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Azores Overview

Azores Cruises


Why Visit

Glance at a world map too quickly and you might miss the small Azores archipelago in the middle of the Atlantic Ocean. Nearly 900 miles from Portugal, the Azores offer a chance to see a very different Europe than the one you’ll find on “the continent.”

Originally a rendezvous point for ships returning from the West Indies, later a place of exile for the Portuguese and an important whaling hub, the Azores enjoy a storied history that has shaped them into the fantastic destination they are today—alive with history, culture and natural wonders.

Just 250,000 people inhabit these nine volcanic islands. Nearly 150,000 of them live on São Miguel, the largest of the Azores and known as “the green island” because of its prairies, lush forests, tobacco fields and tea plantations. São Miguel is a good starting point for your Azores tour because it has so much to offer. For nature lovers there’s whale watching, swimming with dolphins, hiking, diving, fishing, bird watching and jeep safaris. For culture hounds there are monuments and turn-of-the-century architecture alongside a modern marina, night clubs and oceanfront cafés.

Each island offers a unique draw—from Santa Maria, “the yellow island,” with its serene white beaches, to Corvo, the smallest in the archipelago and home to more dairy cows than people. Throughout the islands, visitors and residents alike enjoy the Azores’ sparkling volcanic crater lakes, boiling sulphur springs, volcanic caves and “natural swimming pools” formed from the collapse of small craters. Although beaches aren’t the primary attraction, you’ll likely find a nice stretch of sand from which you can soak in the sun and scenery.

The islands’ rich volcanic soils are ideal for cultivating plants. An orange industry boomed here until disease wiped out the crop. Tea and pineapple crops have since replaced oranges. Today, you can please your palate by sampling tea at two of the islands’ tea plantations.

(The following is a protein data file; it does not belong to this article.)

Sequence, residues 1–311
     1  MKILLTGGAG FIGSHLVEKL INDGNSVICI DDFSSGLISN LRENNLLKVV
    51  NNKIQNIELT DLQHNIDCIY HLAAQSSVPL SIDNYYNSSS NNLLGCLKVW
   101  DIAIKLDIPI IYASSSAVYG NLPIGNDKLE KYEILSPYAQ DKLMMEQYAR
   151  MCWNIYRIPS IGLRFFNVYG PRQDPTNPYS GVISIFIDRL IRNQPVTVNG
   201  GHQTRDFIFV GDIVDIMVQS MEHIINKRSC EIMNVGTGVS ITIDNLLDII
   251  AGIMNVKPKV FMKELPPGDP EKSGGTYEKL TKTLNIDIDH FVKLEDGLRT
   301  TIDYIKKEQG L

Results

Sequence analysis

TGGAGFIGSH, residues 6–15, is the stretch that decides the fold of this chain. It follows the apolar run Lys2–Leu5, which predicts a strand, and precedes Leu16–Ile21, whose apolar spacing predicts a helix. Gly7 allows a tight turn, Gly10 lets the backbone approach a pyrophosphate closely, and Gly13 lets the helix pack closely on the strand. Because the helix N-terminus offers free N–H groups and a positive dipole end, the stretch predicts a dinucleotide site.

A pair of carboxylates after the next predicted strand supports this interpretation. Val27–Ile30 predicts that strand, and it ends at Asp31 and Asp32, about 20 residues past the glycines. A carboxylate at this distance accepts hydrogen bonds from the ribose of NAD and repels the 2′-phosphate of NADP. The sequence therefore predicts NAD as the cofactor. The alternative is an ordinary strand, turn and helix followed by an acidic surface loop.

The best time to visit is April through September. The flowers are at peak bloom in May. Summer is primetime for whale watching. Although the Gulf Stream keeps the water fairly warm and the climate mild year round, it’s best to avoid the rainy season from November through March.


The Azores are a volcanic archipelago located in the middle of the Atlantic Ocean approximately 900 miles from the European coast and 2400 miles from the North American coast. The islands represent the very tops of an ancient underwater mountain range that formed slowly over millions of years as lava escaped from faults in the Earth’s crust.

Azores history has been punctuated by earthquakes and volcanic activity. In 1522, a massive earthquake buried the town of Vila Franca do Campo, then the capital of São Miguel. As recently as 1958, a volcanic eruption enlarged Faial Island. Today, the shores of Lake Furnas on São Miguel are hot enough to cook food, making the area a popular picnic spot.

Agriculture is vital to the economy of all the islands. The volcanic soil is ideal for cultivating fruits, vegetables and grains. The locals also produce wine made from grapes grown on the islands. Although farming flourishes, much of the landscape is dominated by volcanic craters. Fishing is also a major industry for the islands.

The Azores appeared on maps as early as 1351, but no one is known to have actually reached them until Portuguese sailors landed there in 1427 (although unconfirmed tales exist of other sailors making land much earlier than this). The Portuguese claimed the Azores for themselves, and colonization began in 1439.

The islands served as a stopping point for ships coming and going from Europe, Asia, Africa and the Americas. Terceira Island harbored ships for over three centuries. Explorers Christopher Columbus, Vasco de Gama and Captain Cook are known to have passed through the Azores on various global exploits. Pirates also frequented the region, drawn in by the Spanish ships that were often carrying gold, spices and other treasures from abroad. Into the late 20th century, the islands provided ports for whaling ships. After centuries of a booming industry, whaling was officially banned globally in the 1980s.

As a result of all the maritime traffic, port cities in the Azores flourished. Churches, convents, fortresses and homes sprang up as more people settled the islands. Many of these buildings have been restored and can be viewed by tourists visiting the Azores today.